To attain the 10% tree🌲🌳🌴 cover by 2022, one creative avenue for the Service is in forming partnerships with among others, Non-State actors through tree planting initiatives that aim to spur a tree growing culture among our youth today.https://t.co/D75sTp4ap1 pic.twitter.com/Z6qesyDkr4
— Chief Conservator of Forests (@CCF_Kenya) October 11, 2019
Then this weekend, I decided to treat myself and downloaded Chelsea and Hillary Clinton’s latest book, The Book of Gutsy Women: Favorite Stories of Courage and Resilience. One of the reasons I went ahead and bought the book is because the description of the book included a mention of Wangari Maathai, a woman “who sparked a movement to plant trees, understood the power of role modeling.” (The Book of Gutsy Women) It seemed like a perfect storm of things I didn’t know…what was Kenya’s tree-planting initiative and who was Wangari Maathai? And as anyone who knows me can attest, I don’t like not knowing things. So today you get my introduction, and maybe yours, to Wangari Maathai and the Green Belt Movement.
Wangari Maathai (1940-2011) was a scientist who did her undergrad and master’s work in the United States during the mid-1960s and the era of the civil rights movement. She was a professor of veterinary anatomy at the University of Nairobi and in 1971, became the first woman in eastern and central Africa to earn a doctorate. She was an active member of the National Council of Women of Kenya (NCWK), and in 1977, as an offshoot of NCWK, she started the Green Belt Movement; in 2004, she won the Nobel Peace Prize in recognition of her “contribution to ‘sustainable development, democracy and peace.'” (Nobel Peace Prize) Professor Maathai was the first African woman to receive this honor. That’s the overview of her life accomplishments, but the details are what make her a gutsy woman.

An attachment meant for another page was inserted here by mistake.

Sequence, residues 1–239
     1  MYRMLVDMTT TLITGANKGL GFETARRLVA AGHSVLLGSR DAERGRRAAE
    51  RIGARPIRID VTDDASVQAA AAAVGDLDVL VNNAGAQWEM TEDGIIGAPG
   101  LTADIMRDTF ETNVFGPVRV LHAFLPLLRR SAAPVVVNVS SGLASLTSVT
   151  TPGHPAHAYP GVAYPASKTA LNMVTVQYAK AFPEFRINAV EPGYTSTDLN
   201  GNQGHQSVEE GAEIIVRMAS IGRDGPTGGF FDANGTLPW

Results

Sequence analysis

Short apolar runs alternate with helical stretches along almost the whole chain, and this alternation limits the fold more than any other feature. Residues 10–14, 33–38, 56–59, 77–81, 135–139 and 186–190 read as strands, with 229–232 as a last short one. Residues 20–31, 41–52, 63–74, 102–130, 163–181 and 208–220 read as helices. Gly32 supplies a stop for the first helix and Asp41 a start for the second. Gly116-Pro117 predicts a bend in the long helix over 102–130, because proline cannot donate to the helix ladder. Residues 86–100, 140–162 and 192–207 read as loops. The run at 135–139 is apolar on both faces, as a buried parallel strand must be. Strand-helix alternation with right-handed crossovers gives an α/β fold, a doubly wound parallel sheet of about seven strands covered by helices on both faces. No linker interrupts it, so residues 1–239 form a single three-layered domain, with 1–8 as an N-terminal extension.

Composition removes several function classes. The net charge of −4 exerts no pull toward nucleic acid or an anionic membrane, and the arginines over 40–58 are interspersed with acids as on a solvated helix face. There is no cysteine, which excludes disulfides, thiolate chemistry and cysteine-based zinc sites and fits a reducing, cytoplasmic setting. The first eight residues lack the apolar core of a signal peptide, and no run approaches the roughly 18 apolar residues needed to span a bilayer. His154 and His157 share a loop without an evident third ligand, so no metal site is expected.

When Dr. Maathai was teaching at the University of Nairobi, she recognized that the deforestation of Kenya was a problem that no one was addressing. Ninety percent of Kenya’s forests had been cut down since 1950, and rural women were reporting to the NCWK…
…that their streams were drying up, their food supply was less secure, and they had to walk further and further to get firewood for fuel and fencing. GBM encouraged the women to work together to grow seedlings and plant trees to bind the soil, store rainwater, provide food and firewood, and receive a small monetary token for their work. (Green Belt Movement history)
Initially, the tree-planting efforts were on a very small scale as Dr. Maathai recruited family and friends to help, but as the movement progressed, students, colleagues, and strangers were recruited to lend a hand.
It then branched out, offering free seedlings to women across the country. For every tree that survived more than three months (about 80 per cent in fertile areas) the women tending them were paid a few pennies. The more trees they planted, the more they made. As they were encouraged to plant more than they would need for firewood, women were soon able to earn extra from selling the surplus. Not only did the scheme reverse deforestation but, for the first time, many women discovered financial autonomy. (In the beginning of GBM)
Having been influenced by observing the civil rights movement in the U.S., Maathai saw the links between human rights and environmental protections. The Green Belt Movement saw the value of an integrated approach which improved the health of the watersheds by planting trees and promoting alternative sources of income from the resulting forests. This initial focus led to further advocacy on behalf of women through a Community Empowerment and Education program: